KYIV -- Ukrainian protesters who are demanding that President Petro Poroshenko enact anticorruption reforms or step down have clashed with police at a tent camp outside the parliament building in Kyiv.
At least 10 people were arrested on October 18 as police used tear gas against the protesters, Ukrainian media reported.
Russian news agency Interfax reported that several hours after the arrests, 11 of the detained protesters were released and rejoined other activitists at a tent city set up by the protesters outside the parliament building.
The police action came after, earlier on October 18, protesters blocked Hrushevska Street and Mariyinskyy Park outside the Verkhovna Rada building with dozens of tents.
About 200 protesters were at the site on October 18, saying they would stay until their demands were met, after a crowd of 4,500 people demonstrated outside the parliament against corruption.
A field kitchen was set up and barrel fires burned amidst about three dozen camping-style tents.
Serhiy Leshchenko, a reformist opposition lawmaker who is a vociferous critic of Poroshenko, told RFE/RL near the parliament that the president and his administration had provoked the protest.
"Poroshenko has ignored all the demands of the people in terms of anticorruption [measures]," Leshchenko said.
Demonstrators were outnumbered by police, but National Police chief Serhiy Knyazev had told reporters that the authorities weren't planning on forcefully removing the tent camp.
"We do not want to repeat old mistakes. We want to secure the citizens' right to express their will," Knyazev said.
"Old mistakes" may have been a reference to deadly attempts to crack down on the Euromaidan protests that pushed Moscow-friendly President Viktor Yanukovych in February 2014.
A tent camp set up on Kyiv's Independence Square was a prominent feature of the 2013-14 protest movement, which drew hundreds of thousands of protesters into the streets at times.
The rally on October 17 was spurred by disappointment in Poroshenko and his pro-Western government, which came to power after Yanukovych's ouster and is accused by critics of failing to root out high-level corruption.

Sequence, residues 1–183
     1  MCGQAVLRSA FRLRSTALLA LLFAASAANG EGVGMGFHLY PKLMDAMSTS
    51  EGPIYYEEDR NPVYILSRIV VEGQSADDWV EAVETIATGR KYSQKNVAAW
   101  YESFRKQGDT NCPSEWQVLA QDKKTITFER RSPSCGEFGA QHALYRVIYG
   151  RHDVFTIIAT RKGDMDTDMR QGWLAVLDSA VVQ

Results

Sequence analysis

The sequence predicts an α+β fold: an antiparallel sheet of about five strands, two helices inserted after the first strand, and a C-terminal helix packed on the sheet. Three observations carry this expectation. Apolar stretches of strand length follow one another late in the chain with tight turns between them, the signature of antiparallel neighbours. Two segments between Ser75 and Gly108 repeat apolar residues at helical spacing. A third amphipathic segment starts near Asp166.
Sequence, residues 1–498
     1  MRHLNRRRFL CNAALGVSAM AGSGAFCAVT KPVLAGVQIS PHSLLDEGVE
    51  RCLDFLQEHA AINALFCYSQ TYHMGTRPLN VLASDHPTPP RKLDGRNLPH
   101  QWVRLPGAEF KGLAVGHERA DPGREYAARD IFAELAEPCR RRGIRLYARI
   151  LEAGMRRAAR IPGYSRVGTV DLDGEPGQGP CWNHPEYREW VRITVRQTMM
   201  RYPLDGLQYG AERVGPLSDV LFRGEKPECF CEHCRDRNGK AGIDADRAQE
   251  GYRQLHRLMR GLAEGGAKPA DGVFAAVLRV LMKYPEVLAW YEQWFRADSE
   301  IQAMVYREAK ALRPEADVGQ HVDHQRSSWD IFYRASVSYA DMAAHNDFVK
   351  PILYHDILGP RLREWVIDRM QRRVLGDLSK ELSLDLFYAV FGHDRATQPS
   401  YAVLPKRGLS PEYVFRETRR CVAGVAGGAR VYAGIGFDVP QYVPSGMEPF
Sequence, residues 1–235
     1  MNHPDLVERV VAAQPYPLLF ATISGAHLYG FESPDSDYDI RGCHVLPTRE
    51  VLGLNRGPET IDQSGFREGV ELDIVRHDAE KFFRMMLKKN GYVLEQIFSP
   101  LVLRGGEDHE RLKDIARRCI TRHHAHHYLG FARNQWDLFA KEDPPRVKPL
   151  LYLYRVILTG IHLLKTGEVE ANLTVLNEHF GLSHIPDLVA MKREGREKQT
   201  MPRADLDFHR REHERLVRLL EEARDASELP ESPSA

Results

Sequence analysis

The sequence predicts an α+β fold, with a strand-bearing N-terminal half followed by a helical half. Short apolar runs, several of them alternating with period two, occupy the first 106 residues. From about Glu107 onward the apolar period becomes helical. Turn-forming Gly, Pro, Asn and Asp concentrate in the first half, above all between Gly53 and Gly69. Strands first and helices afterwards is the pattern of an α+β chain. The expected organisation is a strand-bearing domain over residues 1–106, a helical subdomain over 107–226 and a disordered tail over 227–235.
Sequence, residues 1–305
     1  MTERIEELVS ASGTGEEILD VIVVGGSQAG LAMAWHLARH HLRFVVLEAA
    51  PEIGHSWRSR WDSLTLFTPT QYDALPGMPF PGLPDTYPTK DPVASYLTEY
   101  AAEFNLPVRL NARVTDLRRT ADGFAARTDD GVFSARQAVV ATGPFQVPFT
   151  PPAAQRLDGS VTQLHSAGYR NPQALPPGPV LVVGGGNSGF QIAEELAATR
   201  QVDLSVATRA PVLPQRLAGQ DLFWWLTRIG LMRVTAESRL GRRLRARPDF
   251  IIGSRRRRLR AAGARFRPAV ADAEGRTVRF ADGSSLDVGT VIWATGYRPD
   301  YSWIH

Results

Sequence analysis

Leshchenko said that a Maidan-style tent camp protest "is a part of Ukrainian political culture" and "is the only way" to gain the attention of Poroshenko, who he said has "lost touch with reality."
While he wasn't spending nights at the protest camp, Leshchenko said it would likely stay put "until the president answers to our goals."
Those goals include the creation of anticorruption courts, the abolition of parliamentary immunity from prosecution, and an overhaul of Ukraine's electoral legislation.
Leshchenko said that a fourth demand added late on October 17 -- legislation on impeachment procedures -- would put pressure on the president and "hold Poroshenko accountable."
At the rally on October 17, former Georgian President and Odesa region Governor Mikheil Saakashvili urged Ukrainians to press for Poroshenko to step down if he does not heed their demands.
Many of the protesters blocking the street are supporters of Semyon Semenchenko, a lawmaker and former commander of a volunteer unit in the war between Ukranian forces and Russia-backed separatists in the east of the country.
The conflict has killed more than 10,000 people since it began in April 2014, after Russia seized control of Ukraine's Crimean Peninsula, and has increased solidarity among many Ukrainians but added to political tensions in Kyiv.
Knyazev said that two police officers were hospitalized after scuffles that broke out when demonstrators started bringing tents to the site without police screening.
Knyazev's spokesman Yaroslav Trakalo said earlier that three protesters were also injured but did not need hospitalization.